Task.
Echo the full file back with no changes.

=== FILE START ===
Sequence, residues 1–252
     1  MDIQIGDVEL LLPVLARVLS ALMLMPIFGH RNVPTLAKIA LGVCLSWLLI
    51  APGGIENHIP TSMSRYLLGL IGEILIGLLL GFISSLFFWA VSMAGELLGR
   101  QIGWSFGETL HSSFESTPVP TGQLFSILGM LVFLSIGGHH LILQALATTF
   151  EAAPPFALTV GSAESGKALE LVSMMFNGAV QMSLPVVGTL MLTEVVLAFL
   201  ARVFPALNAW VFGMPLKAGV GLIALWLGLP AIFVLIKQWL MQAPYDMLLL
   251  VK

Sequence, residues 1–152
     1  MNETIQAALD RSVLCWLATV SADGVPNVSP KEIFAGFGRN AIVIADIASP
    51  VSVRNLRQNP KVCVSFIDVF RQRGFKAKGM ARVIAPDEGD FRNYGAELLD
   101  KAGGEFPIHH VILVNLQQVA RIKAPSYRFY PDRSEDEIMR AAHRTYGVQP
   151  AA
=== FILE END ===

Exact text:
Sequence, residues 1–252
     1  MDIQIGDVEL LLPVLARVLS ALMLMPIFGH RNVPTLAKIA LGVCLSWLLI
    51  APGGIENHIP TSMSRYLLGL IGEILIGLLL GFISSLFFWA VSMAGELLGR
   101  QIGWSFGETL HSSFESTPVP TGQLFSILGM LVFLSIGGHH LILQALATTF
   151  EAAPPFALTV GSAESGKALE LVSMMFNGAV QMSLPVVGTL MLTEVVLAFL
   201  ARVFPALNAW VFGMPLKAGV GLIALWLGLP AIFVLIKQWL MQAPYDMLLL
   251  VK

Sequence, residues 1–152
     1  MNETIQAALD RSVLCWLATV SADGVPNVSP KEIFAGFGRN AIVIADIASP
    51  VSVRNLRQNP KVCVSFIDVF RQRGFKAKGM ARVIAPDEGD FRNYGAELLD
   101  KAGGEFPIHH VILVNLQQVA RIKAPSYRFY PDRSEDEIMR AAHRTYGVQP
   151  AA